Going once, going twice, .. sold!
Art auctions are some of the most exhilarating events you can attend. The anonymity, the thrill of making a bid and not to mention the social aspect of purchasing something of exquisite value, have art patrons planning their calendars around art auctions worldwide. Tracing back to the 17th century, art auctions were once a place for dealers to obtain artwork cheaply so that they could then be resold again at marked up prices by art dealers. Fast forward to today, art auctions and the art industry in general have become an event anticipated by many to secure unique art collections that are otherwise unavailable in the market.
Often attracting high net worth individuals, an art auction is usually planned months in advance with a fixed group of artworks presented for sale. Known to be an opaque and unregulated market, art auctions are sometimes the only avenue to understand the market value of art. Two of the most prominent auction houses, Christie’s and Sotheby’s, hold planned auctions around the world throughout the year. According to the 2020 Art Basel and UBS Global Art Market Report, worldwide sales of art and antiques approximated USD 62.1 billion in 2019.
The art market has grown more than 60% in the last 10 years, making it one of the fastest growing industries in the past decade.
More recently, the art industry has also attracted another group of individuals for the same allure. Money launderers are attracted to art auctions for very similar reasons — the anonymity, exhilaration and an avenue to integrate their illicitly obtained money back into the economy. The private and anonymous transactions of the art world have also become a vehicle for money laundering, estimating USD 6 billion in revenue arising from illicit transactions. Up till recently, the art industry has largely been unregulated, making it more susceptible to money laundering.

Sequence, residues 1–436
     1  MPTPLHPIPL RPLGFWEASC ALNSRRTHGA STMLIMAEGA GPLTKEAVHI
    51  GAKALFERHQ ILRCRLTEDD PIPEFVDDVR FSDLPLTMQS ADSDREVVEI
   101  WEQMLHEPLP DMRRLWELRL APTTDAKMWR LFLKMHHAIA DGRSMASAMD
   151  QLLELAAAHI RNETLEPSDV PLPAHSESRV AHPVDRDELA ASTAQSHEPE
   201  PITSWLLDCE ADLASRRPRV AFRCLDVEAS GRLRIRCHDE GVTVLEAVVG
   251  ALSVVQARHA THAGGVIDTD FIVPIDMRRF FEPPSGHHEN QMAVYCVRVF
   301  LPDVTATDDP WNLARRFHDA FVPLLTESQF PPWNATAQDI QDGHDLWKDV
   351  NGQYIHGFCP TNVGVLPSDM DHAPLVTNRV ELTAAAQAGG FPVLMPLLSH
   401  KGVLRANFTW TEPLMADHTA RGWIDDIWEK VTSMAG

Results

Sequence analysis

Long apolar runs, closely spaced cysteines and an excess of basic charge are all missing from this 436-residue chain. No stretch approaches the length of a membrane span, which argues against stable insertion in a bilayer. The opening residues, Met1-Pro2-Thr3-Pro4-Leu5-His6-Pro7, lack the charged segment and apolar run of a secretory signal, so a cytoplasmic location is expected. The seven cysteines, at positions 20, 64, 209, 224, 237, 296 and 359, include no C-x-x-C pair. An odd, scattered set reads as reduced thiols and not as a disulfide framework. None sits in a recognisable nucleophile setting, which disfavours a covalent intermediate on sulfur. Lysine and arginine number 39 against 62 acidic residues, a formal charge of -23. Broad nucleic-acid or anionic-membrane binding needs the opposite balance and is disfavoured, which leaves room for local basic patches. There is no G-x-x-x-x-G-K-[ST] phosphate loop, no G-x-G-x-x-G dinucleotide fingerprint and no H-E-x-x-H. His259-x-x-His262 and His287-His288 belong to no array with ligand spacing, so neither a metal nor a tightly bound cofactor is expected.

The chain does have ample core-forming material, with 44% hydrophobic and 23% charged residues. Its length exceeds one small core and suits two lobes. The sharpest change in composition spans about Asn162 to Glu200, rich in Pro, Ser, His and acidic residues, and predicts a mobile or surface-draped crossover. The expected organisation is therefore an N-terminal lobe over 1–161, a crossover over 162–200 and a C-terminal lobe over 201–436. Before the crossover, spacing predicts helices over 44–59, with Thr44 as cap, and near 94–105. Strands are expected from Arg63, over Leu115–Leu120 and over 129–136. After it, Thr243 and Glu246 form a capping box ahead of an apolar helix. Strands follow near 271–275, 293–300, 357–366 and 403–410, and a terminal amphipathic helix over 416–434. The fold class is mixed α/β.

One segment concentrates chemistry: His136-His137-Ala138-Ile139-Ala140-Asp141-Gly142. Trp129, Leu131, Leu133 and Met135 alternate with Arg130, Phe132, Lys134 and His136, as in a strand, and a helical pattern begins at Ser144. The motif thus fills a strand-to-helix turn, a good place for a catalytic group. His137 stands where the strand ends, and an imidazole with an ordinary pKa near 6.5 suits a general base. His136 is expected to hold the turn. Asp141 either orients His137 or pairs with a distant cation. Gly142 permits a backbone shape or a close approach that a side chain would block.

Ideal for Money Laundering
The very fact that art is hard to define makes the value of any art piece subjective and easy to manipulate by both the buyer and seller, giving way to undervaluation or overvaluation.
It is also easy for art to cross borders with any associated transactions being conducted anonymously, hiding the ultimate beneficial owners of the sale. This historical practice of using intermediaries and middlemen to protect those involved in the transaction from being targets of crime, has also allowed for other crimes to inadvertently be committed in modern day.
More interestingly, art tends to appreciate in value, meaning money is generally not lost in the laundering process. According to Jake Bernstein’s Secrecy World, while 76% of collectors purchased art in 2014, these works of art that were once showy symbols of wealth began to be hoarded away mostly in secret as their value appreciated.
According to a study conducted by the European Parliamentary Research Service, a large majority of art work continues to be sold between one offshore company to another, with transactions made in cash or the like. It is said that approximately 50% of all art transactions are entirely private, even in spaces such as auction houses which appear public.
One vehicle that has allowed for the ease of money laundering in the industry is through the use of Freeports. Freeports are described as “warehouses in free zones, which were — originally — intended as spaces to store merchandise in transit”. Interestingly, the concept of Freeports dates back to the 19th century when bonded areas were used to store commodity goods such as tobacco, grain, and other industrial goods.
Over time, Freeports converted into tax-free zones to store art and other antiquities for the ultra rich. Art is locked up in vaults with the contents generally only known to the owners themselves. Freeports are preferred as vaults can be rented under a company name. If rented under an offshore company in Switzerland where there is no obligation to disclose the beneficial owner, the Freeport will not request for further information regarding the identity of the owner behind the company. As long as the art remains in the confines of the Freeport, it would be tax free.